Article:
Even in Bengaluru, a city synonymous with start-ups, Manu Chandra’s transition from acclaimed chef to serial entrepreneur has been accomplished at warp speed. In the space of less than a year since he resigned from the Olive Group of Restaurants, Chandra’s businesses and investments now range from a catering company to a small batch distillery to a meat substitute company.
Single Thread, which does bespoke catering, has scored triumphs at venues as far-flung as the film festival at Cannes just weeks after he founded the company in May, to the World Economic Forum in Davos this month. The company has curated themed dinners of modern Indian food in Mumbai for Spotify and Meta — assignments it received despite plenty of innovative chefs in that city.
In the coming fortnight, a new gin produced by a distillery in Maharashtra Chandra has invested in and helped guide from its inception will be sold in India’s metropolises. And in Bengaluru, in early February, he will open a cavernous new European restaurant, which manages to seem as if it were a Tuscan villa with a courtyard. Lupa’s challenge is that it is situated amid the perma-gridlock and honking din of MG Road in the heart of the city. In addition, he continues to consult with Diageo, the liquor giant, and run a cheese maker, Begum Victoria.
Asked if managing such an array of ventures runs the risk that he is taking on too much too soon, Chandra replies that many of the new investments, such as in the distillery Chota Hazari and the meat substitute Shaka Harry, are “intellectual property extensions that basically leverage my experience and palate. It’s a little time carved out every month. I don’t think this is an overextension in terms of bandwidth”. People who have worked with him say that he is able to delegate because he has a team of dedicated managers who have worked with him for some time.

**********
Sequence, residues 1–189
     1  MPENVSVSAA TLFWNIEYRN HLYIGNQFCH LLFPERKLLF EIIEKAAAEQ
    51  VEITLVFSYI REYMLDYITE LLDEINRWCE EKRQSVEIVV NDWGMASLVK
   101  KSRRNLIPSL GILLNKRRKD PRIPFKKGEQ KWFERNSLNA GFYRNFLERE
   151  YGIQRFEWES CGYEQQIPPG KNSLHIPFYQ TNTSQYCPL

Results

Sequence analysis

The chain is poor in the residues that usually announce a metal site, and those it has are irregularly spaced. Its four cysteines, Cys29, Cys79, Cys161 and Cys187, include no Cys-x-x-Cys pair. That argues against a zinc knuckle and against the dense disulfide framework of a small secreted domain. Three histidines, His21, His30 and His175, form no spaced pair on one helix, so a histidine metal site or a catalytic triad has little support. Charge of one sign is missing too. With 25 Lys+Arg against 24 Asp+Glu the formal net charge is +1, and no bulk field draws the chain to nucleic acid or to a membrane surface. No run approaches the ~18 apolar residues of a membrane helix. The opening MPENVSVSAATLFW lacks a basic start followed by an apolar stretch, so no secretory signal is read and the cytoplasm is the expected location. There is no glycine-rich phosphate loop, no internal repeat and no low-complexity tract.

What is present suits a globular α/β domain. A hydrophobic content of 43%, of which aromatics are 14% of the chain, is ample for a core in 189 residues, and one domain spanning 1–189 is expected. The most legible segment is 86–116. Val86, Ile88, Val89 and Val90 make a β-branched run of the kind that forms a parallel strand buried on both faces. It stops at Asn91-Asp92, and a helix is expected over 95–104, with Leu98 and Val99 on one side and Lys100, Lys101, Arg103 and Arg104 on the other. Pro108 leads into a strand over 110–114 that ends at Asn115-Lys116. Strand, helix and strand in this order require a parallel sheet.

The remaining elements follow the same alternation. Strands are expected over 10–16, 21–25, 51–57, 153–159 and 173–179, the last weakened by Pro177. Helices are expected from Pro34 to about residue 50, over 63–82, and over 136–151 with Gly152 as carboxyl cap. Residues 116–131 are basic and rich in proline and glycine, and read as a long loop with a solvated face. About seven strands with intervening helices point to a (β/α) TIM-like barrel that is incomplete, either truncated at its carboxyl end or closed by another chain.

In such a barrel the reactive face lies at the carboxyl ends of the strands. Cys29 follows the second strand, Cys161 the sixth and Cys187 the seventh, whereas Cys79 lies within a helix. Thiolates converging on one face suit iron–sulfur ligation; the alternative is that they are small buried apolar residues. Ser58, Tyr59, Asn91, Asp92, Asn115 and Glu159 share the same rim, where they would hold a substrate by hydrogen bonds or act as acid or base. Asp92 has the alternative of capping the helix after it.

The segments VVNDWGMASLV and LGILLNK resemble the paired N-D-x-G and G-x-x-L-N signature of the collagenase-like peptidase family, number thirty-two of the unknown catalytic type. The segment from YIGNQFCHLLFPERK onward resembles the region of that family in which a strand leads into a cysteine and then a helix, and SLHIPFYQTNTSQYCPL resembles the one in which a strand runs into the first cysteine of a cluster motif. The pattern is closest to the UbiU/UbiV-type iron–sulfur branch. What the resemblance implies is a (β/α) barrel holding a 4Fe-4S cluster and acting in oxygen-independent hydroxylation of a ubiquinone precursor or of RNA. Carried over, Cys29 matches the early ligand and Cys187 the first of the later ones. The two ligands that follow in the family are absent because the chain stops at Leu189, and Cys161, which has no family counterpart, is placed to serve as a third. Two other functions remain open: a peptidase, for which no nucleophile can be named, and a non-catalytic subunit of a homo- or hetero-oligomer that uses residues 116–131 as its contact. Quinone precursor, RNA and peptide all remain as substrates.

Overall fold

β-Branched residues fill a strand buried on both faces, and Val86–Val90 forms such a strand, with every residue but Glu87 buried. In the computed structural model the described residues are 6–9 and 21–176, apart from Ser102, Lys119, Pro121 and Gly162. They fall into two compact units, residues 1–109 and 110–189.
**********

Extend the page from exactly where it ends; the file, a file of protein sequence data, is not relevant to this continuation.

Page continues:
His interview with the Magazine takes place while an elaborate photo shoot of some of the menu offerings of his new restaurant is being completed. For over an hour, he neither takes a break to see how things are going nor does any member of the restaurant staff interrupt to ask him a question.
Tastes matter, not virtuosity
Chandra is somehow able to work across many different cuisines from Chinese and Mediterranean to very subtle takes on regional Indian cuisine while also juggling multiple roles. Founding Single Thread has allowed him the leeway to work more with modern Indian food in a way that he was only sporadically able to do during his 17-year career at Olive Group, where he started as a 22-year old fresh from apprenticing in New York, after graduating from the Culinary Institute of America. As it happens, the best modern Indian meal I have eaten was a few years ago at the chef’s table in his previous job at Olive Beach where Chandra alternated between creative takes on Bengali and Tamilian food. It surpassed excellent lunches I have eaten at Indian Accent in New Delhi, where Manish Mehrotra, who has a wife from South India, also ably combines innovative offerings from North and South India.